Are you interested in high quality genomic annotations for human and mouse? Check out the Consensus Coding Sequence (CCDS) project! Release 23 of the CCDS project is now available in Entrez Gene. This release compares NCBI’s Mus musculus annotation release 108 to Ensembl’s annotation release 98. This update adds 1,570 new CCDS records and 175 genes to the mouse CCDS dataset. In total, release 23 includes 27,219 CCDS records that correspond to 20,486 genes.
Tag: genome annotation
This full release incorporates genomic, transcript, and protein data available, as of September 9, 2019 and contains 213,863,503 records, including 152,910,397 proteins, 28,017,380 RNAs, and sequences from 94,946 organisms.
The release is provided as a complete dataset and also in several directories divided by logical groupings.
1. New Mus musculus (house mouse) Annotation Release 108
The latest annotation run for Mus musculus, 108, is a complete re-annotation of the mouse GRCm38.p6 assembly that incorporates ongoing curation work and new computed models based on extensive long-read transcriptome data.
See the annotation report for details. You can access these annotation products through the sequence databases and on the FTP site.
2. Updated Homo sapiens Annotation Release 109.20190905
Annotation Release 109.20190905 is an update of NCBI Homo sapiens Annotation Release 109. The annotation report has details. You can access the annotation products from the sequence databases or download the data from the FTP site. We will continue to update the human genome annotation frequently so that we can
incorporate ongoing curation work including the MANE project and other curation activities. See our post on the increased frequency of annotation for more information on the new schedule.
3. dbSNP Human Build 153
NCBI announces Annotation Release 100 of the Pacific white shrimp (Penaeus vannamei) genome in RefSeq, based on the assembly (GCF_003789085.1) submitted by the Institute of Oceanology, Chinese Academy of Sciences. The Pacific white shrimp is one of the most important shrimp species in fisheries and aquaculture and represents the first decapod to have its genome annotated by NCBI. We predicted 24,987 protein coding genes with evidence from alignment of six billion RNA-Seq reads and homology with invertebrate proteins. This annotation will enable genomic research in this commercially important species.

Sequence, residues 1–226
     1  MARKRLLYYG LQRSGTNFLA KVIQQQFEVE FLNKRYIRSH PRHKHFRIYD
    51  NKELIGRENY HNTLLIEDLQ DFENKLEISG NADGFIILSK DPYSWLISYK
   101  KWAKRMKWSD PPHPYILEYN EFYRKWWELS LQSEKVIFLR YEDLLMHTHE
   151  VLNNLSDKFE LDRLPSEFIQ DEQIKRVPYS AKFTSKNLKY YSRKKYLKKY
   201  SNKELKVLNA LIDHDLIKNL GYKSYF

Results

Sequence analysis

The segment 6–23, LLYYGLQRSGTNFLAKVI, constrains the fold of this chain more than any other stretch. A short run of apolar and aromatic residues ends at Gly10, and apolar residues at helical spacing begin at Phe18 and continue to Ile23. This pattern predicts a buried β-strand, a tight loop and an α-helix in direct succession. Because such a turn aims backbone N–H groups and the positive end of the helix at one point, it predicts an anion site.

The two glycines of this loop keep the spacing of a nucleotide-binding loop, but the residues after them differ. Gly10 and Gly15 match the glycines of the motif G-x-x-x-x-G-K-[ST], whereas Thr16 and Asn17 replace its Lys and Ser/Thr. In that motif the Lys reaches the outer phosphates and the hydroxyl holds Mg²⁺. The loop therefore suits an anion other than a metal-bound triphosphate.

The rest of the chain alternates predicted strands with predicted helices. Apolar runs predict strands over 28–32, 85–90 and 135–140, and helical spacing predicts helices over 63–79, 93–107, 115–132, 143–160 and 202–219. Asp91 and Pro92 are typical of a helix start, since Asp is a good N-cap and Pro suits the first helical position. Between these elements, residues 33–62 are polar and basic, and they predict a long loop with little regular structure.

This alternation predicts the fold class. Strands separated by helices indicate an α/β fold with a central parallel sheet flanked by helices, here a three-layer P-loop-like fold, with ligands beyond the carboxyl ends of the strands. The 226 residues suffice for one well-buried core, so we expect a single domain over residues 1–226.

Please visit our Eukaryotic RefSeq Genome Annotation Status page to see more annotations in progress.
Next week, NCBI staff will attend the Plant and Animal Genome (PAG) Conference. We have several activities planned, including 1 booth (#223), 4 workshops, 1 talk and 2 posters.
Read on to learn more about what you can look forward to if you’re attending PAG this year. (Note: The listed times are Pacific time.)
Highlights in release 109:
- A total of 20,203 protein-coding genes and 17,871 non-coding genes were annotated.
- The number of annotated curated transcripts increased by 17% and genes with two or more curated alternative variants increased by 8%.
- The annotation includes 6,862 features and 2,075 GeneIDs for non-genic functional elements, such as regulatory regions and known structural elements. For example, see the opsin locus control region (OPSIN-LCR).
- Papio anubis (olive baboon)
- Prunus avium (sweet cherry)
- Aedes aegypti (yellow fever mosquito)
- Chenopodium quinoa (quinoa)
- Hevea brasiliensis (a eudicot)
- Manihot esculenta (cassava)
- Carlito syrichta (Philippine tarsier)
See more details on the Eukaryotic RefSeq Genome Annotation Status page.
Annotation Release 101 for the bottlenose dolphin (Tursiops truncatus) is out in RefSeq! This annotation was based on the NIST Tur_tru v1 assembly, which has a four-fold increase in contiguity from the assembly used in the previous annotation. Over four billion RNA-Seq reads from skin and blood tissue were used for gene prediction. As a result of these improvements, the percent of partially-represented protein-coding genes went down from 24% to 4%. Over 2500 genes that were fragmented in the previous assembly were merged into complete genes. A total of 24,026 genes were annotated, and 17,096 of them were protein-coding. A full report on the annotation can be found here.
In an earlier blog post, we discussed how sequence updates in GRCh38, the most recent version of the human reference genome, filled in a gap in human chromosome 17 near position 21,300K and expanded the region by 500K (500,000 base pairs). In this post, we will again consider this same region, but with an emphasis now on how GRCh38 also improved the gene annotation.
In late December 2013, the Genome Reference Consortium (GRC) released an updated version of the human reference genome assembly, GRCh38, and submitted these new sequences to GenBank. This is the first time in four years that a new major version of the human genome has become available to the genomics community.
Perhaps you’ve been working on data mapped to the previous assembly (GRCh37) that became available in March 2009, or maybe you are still using an even earlier version, such as NCBI36 from March 2006. Is there a way to reduce the amount of time and effort required to reanalyze your data in the context of the new assembly?
Yes! It’s NCBI’s Genome Remapping Service, or NCBI Remap for short.